We need tools for the times we're just plain stupid
Social media has many great communication tools and is an excellent way to increase expertise, but what if you want to learn something new? It’s hard to get started on a new topic when the good stuff is hidden in huge feeds.
I’ve really only regretted the death of two online services. Furl, which got swallowed up into Diigo‘s relatively ugly interface, and Social|Median, which turned into an underwhelming XING application. In the second case, it was a real shame because Social|Median was one of the better learning tools I’ve ever found online.
When I briefly met Robert Scoble, he was on his way to speak about the internet as a learning tool at a conference at George Mason University. He asked a group of us, social media folk, about the tools we used to learn:
- Google Reader was of course the big mention, in part because it’s ability to follow people, which makes it immensely useful at helping you read what the experts are reading.
- Feedly also came up, because it takes huge Reader feed lists like mine and makes them manageable and better readable.
- Of course Twitter was on the list, along with various methods to interact with it and monitor hashtags.
But I had to mention Social|Median.
Here’s why, Social|Median allowed you to take people and RSS feeds, big or small, put in keywords, and get a list (and useful RSS feed) of articles from all of the feeds that related to your key words or phrases. You could then invite or leave an open invitation for content experts who could recommend links into the newsfeed as well. It let you control the level of loose relation and really dig into the mega feeds for the articles relevant to you.
This whole process was immensely useful when trying to learn something new.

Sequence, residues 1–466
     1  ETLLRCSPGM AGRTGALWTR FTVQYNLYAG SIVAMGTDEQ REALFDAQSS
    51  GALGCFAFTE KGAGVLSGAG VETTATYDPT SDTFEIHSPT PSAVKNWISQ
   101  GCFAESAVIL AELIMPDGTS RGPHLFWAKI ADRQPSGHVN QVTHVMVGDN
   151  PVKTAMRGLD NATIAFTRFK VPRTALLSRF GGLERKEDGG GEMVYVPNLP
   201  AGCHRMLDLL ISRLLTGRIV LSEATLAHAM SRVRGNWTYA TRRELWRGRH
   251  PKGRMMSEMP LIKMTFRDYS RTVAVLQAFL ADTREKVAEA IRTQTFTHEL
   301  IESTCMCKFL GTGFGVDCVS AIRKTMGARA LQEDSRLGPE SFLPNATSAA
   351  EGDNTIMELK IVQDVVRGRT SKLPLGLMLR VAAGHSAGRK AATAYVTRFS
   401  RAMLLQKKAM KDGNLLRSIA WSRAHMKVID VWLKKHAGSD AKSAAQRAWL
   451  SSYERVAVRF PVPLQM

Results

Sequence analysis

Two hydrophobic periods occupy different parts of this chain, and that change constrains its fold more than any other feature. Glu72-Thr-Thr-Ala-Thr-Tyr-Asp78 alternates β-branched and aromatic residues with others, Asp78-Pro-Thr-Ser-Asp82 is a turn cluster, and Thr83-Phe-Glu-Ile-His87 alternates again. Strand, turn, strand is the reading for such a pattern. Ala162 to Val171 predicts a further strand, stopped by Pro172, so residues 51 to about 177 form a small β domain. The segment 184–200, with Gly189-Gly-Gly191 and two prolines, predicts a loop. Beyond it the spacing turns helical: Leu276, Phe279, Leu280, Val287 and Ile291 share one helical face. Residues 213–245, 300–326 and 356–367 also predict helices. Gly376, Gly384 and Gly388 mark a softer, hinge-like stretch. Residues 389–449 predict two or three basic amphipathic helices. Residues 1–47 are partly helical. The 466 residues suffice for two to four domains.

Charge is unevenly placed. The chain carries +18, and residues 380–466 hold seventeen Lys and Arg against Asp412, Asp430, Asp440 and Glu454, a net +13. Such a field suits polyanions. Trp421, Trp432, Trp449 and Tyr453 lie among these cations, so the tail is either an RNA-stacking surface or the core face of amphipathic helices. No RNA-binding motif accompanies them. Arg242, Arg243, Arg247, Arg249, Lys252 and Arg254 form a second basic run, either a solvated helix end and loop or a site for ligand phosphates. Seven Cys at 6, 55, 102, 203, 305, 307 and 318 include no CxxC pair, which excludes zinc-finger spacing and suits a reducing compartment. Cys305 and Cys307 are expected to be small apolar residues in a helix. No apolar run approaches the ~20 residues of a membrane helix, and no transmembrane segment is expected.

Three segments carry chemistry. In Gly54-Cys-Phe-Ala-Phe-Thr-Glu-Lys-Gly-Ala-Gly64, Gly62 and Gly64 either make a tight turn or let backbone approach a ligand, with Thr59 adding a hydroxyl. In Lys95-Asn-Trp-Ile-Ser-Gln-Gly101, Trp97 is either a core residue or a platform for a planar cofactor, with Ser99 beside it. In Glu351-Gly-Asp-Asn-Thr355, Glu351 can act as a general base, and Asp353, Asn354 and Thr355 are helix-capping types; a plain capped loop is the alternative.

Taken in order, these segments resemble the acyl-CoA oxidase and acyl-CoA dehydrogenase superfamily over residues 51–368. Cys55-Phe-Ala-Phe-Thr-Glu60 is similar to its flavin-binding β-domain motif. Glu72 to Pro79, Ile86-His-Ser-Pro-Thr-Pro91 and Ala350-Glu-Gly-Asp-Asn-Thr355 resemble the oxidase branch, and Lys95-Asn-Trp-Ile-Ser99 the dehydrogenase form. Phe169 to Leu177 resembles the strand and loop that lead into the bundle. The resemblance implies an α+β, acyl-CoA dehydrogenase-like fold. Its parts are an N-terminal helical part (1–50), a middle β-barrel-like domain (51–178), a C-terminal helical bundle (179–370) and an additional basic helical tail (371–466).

Around the time I first became a user of Social|Median, I was asked to write for a youth blog on UPI. When asked to pick from three topics, I chose the Obama and the economy. The problem was that I knew absolutely nothing about economics. It was an opinion blog and I felt that to have a real opinion, I needed to know what I was talking about. I talked to some friends who knew more than I did and they recommended some feeds, but the highly topical blogs weren’t always the right choice, they aimed at expert readers.
By mixing the highly focused feeds with mega-feeds from the Wall Street Journal, New York Times, Huffington Post and other general news outlets, as well as conservative and liberal political blogs, I was able to get a stream of content that provided the broadly general information, context, and gave me the ability to delve into the specifics.
When it comes to social media, excepting programming, web development and social media itself, there are really only two types of content promoted: the stupid and the expert. If you wanted to sit down and, over the course of a few months, learn something about a specific topic, it’s pretty difficult to pull off.
The problem is mostly the social media echo chamber. There are topic experts and what they say is frequently reposted and linked to. Breaking into that cycle with your own content is difficult, especially if that content is below the level of the experts and the people who want to become experts. While tools like Quora may offer you the ability to ask specific questions, there’s no way social media now could… say… take the place of a class textbook.
This is a shame because, as I discovered, the information is out there. It is floating in various RSS feeds and online in the heads of some other middle-of-expertise folks. At this point, Social|Median is really the only tool I’ve encountered that made accessing it easy. I’ve yet to see anything like it again.
All the existing tools build on content shared by your network, increasing the echo chamber effect. It does little to help you really learn something new. It doesn’t pick out the signal from the noise because so much is lost when everyone is retweeting modifications on the same theme. The only thing that has come close is LazyFeed, and it is more dumb search then learning tool. While I like the site, LazyFeed isn’t really useful unless you monitor it all the time.
We badly need a learning tool like Social|Median. Where is the site that intelligently sorts through the mass and hunts down the content I need to educate myself? Once we get outside of general news and web-related content, can social media really do it? Am I just following the wrong people? What’s been your experience?
- What I’m Doing To Bridge The Gap: Exploring Social Media (socialmediaexplorer.com)
- Are science blogs stuck in an echo chamber? Chamber? Chamber? | Not Exactly Rocket Science (blogs.discovermagazine.com)